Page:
You want to trust that your sitter will follow your rules and not be distracted when they are watching your kids. You also want to ensure your babysitter won’t be doing anything you don’t want your kids to see! If you are fine with them having a friend over once kids are sleeping, let them know what you are comfortable with. We’ve allowed babysitters to invite friends over, but they were always friends that we knew.

5. Do you have a cell phone?

We are living in a time where a lot of people do not have landlines anymore and rely solely on their mobile devices. If this is the case, you will obviously want to confirm that your babysitter has a way to contact you and to make calls in an emergency.

If they do have their own cell phone, make sure that it is reliable and charged. If they do not have their own phone, then you will want to make sure you leave a phone with them. I would never leave a babysitter without a means of communication. You don’t want them to have to run next door to call 911!

4. Do you have any allergies?

You’ll obviously want to be aware of any life threatening allergies that your babysitter has. We’ve had a babysitter who is allergic to peanuts, so I would definitely try to make sure my kids aren’t covered in peanut butter when they answer the door! I also make sure the kids know they can’t have any nuts in that time and I clean up all dishes and countertops that could have peanut butter.

If they have any pet allergies, you may need to put a pet in a bedroom while they are over. Or perhaps allergies could be a deal breaker if you have a pet and they can’t be in a house with them. This also helps you be aware too of any medications or epi-pens your babysitter could have on them so your kids know not to touch them.

3. How old were the kids you have babysat before?

Getting some background from them on their previous experience is very helpful. If they are a first time babysitter, it doesn’t necessarily have to be a deal breaker. You may just want to leave more detailed instructions and show them around.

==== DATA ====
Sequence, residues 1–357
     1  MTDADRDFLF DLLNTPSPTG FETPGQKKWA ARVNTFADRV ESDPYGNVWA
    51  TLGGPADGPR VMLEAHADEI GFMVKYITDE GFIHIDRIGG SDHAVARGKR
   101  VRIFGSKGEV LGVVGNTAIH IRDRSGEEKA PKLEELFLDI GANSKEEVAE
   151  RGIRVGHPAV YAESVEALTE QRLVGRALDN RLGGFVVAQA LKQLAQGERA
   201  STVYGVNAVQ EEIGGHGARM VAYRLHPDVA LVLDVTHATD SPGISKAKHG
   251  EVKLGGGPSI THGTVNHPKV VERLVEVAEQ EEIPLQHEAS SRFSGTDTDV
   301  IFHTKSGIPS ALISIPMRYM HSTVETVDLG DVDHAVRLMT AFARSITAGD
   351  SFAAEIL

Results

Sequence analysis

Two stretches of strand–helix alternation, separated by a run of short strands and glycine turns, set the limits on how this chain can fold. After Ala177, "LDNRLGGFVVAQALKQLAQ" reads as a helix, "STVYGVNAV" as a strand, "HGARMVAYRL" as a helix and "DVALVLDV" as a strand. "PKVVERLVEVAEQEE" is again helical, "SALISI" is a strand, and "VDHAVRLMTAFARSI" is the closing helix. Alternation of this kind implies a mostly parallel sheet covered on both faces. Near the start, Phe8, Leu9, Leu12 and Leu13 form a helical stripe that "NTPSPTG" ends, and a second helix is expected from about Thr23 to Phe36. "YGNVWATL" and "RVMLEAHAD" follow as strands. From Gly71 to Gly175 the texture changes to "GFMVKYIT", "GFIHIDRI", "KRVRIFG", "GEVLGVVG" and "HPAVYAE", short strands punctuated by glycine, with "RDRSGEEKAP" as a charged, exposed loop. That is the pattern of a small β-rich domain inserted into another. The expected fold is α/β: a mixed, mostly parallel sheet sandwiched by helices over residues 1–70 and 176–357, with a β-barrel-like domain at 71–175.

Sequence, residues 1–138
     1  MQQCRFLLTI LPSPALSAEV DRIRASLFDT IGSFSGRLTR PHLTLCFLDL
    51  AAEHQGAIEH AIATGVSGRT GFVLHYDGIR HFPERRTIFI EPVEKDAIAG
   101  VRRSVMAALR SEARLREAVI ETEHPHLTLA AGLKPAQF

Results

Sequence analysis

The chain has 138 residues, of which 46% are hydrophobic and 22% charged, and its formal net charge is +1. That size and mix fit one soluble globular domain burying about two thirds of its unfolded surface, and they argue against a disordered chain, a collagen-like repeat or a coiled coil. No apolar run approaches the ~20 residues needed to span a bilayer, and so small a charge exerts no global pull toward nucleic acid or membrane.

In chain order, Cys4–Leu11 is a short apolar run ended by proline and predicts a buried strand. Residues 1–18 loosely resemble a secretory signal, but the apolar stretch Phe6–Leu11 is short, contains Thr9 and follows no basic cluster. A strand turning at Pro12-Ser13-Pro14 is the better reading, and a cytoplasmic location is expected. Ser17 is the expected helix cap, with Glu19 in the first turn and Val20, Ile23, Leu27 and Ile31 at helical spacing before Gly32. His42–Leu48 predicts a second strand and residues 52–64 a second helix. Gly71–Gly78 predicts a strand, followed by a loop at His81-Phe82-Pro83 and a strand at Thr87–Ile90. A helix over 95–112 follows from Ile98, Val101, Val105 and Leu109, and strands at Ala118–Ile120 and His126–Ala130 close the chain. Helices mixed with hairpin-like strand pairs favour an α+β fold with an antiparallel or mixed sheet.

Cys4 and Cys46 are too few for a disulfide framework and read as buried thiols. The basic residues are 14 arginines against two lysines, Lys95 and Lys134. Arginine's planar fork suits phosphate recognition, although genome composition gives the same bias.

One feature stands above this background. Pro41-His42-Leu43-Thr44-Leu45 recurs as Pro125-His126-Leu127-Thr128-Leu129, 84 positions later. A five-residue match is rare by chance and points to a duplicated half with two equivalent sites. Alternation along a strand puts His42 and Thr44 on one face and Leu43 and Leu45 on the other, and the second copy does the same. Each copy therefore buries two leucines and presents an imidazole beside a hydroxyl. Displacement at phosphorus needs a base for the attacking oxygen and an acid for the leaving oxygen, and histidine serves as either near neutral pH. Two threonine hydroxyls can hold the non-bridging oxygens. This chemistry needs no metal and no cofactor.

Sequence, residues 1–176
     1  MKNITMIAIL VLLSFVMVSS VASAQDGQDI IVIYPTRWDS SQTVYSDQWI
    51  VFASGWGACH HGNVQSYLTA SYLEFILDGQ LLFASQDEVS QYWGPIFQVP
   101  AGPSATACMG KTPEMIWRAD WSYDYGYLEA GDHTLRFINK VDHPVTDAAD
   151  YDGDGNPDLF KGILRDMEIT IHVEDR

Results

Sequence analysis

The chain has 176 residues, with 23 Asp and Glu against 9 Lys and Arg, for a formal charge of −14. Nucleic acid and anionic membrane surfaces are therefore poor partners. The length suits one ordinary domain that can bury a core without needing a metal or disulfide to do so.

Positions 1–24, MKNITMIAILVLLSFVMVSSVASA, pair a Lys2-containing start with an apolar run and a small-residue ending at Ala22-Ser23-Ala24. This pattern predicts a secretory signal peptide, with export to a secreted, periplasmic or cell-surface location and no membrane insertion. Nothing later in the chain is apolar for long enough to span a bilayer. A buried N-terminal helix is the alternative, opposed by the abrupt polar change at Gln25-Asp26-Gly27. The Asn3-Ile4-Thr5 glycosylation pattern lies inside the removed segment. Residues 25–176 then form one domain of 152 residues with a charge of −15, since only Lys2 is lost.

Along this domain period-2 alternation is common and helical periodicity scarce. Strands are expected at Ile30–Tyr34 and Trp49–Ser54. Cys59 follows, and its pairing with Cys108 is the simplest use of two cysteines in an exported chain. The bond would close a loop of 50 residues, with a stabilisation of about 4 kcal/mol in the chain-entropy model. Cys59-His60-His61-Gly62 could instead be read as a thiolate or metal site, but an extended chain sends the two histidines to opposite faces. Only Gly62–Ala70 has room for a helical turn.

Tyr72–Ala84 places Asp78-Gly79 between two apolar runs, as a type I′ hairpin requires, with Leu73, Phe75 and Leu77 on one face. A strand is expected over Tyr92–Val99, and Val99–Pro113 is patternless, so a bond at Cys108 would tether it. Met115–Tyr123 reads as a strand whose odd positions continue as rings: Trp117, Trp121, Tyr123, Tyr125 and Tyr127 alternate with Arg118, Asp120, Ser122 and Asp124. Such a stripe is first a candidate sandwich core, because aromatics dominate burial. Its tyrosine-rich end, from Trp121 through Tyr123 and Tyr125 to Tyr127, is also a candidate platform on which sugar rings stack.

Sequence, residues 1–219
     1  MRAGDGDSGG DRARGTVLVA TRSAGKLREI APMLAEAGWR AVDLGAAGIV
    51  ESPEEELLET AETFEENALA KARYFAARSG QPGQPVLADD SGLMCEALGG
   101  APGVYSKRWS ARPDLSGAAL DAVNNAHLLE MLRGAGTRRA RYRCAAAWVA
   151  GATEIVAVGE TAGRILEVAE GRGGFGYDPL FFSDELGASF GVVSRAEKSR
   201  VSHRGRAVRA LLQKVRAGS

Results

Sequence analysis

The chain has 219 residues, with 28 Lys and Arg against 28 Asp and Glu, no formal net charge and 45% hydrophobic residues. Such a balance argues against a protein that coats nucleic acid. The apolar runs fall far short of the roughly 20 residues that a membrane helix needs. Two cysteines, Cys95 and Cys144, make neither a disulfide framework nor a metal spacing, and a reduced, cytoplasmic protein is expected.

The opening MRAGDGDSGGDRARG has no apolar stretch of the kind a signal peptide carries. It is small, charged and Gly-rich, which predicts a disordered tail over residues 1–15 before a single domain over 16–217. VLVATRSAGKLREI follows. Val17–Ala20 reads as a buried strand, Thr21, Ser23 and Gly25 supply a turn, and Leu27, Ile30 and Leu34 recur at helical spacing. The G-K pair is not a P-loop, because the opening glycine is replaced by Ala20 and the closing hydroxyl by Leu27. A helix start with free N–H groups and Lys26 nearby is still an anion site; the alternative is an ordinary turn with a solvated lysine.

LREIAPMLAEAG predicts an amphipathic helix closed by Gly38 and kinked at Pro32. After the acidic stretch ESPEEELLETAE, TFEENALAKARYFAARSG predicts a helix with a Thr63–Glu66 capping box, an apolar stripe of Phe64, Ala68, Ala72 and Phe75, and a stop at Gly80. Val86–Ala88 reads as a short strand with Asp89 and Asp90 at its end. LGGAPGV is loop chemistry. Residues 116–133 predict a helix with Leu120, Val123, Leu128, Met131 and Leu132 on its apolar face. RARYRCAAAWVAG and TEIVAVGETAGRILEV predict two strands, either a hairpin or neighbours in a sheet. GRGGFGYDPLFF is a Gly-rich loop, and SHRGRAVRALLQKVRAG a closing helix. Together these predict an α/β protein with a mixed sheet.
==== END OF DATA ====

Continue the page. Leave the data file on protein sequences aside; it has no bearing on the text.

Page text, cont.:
If they’ve only ever babysat older kids you’ll want to be sure that they know how to, and are comfortable with, changing diapers. Babysitting an infant is very different from babysitting an 8 year old, so get a clear understanding of what their experience level matches your kids’ ages.

2. How will you entertain the kids?

My favorite babysitters I’ve hired have actually brought their own toys for the kids. It’s such a smart idea because my kids were thrilled and excited to have something new to play with. This is definitely not an expectation, but it’s bonus points in my books because it shows they have a plan for entertaining the kids.

If they are hoping to just sit your kids in front of the TV, you will catch that pretty quickly when they cannot answer this question. I also prefer high energy personalities that I know will be happy to sing and run around with my kids and not be annoyed by their energy.

1. Can you provide references?

References can be a great way to follow up on their previous experience. If you can get a reference for a family they have babysat for before, that is best. You can ask them specific questions about what they thought of the sitter. They may have great things to say about them and that will help with your comfort level.

If they have something negative to say ask them if that prevented them from continuing to use that sitter. If it’s something minor but they are still happy to hire them again, it may be something you can let go of too (for example, they didn’t wash the dishes after dinner). If they are a first time babysitter, ask for references from teachers, youth leaders, or any other reliable source that can speak to their character.

Kristin Whittaker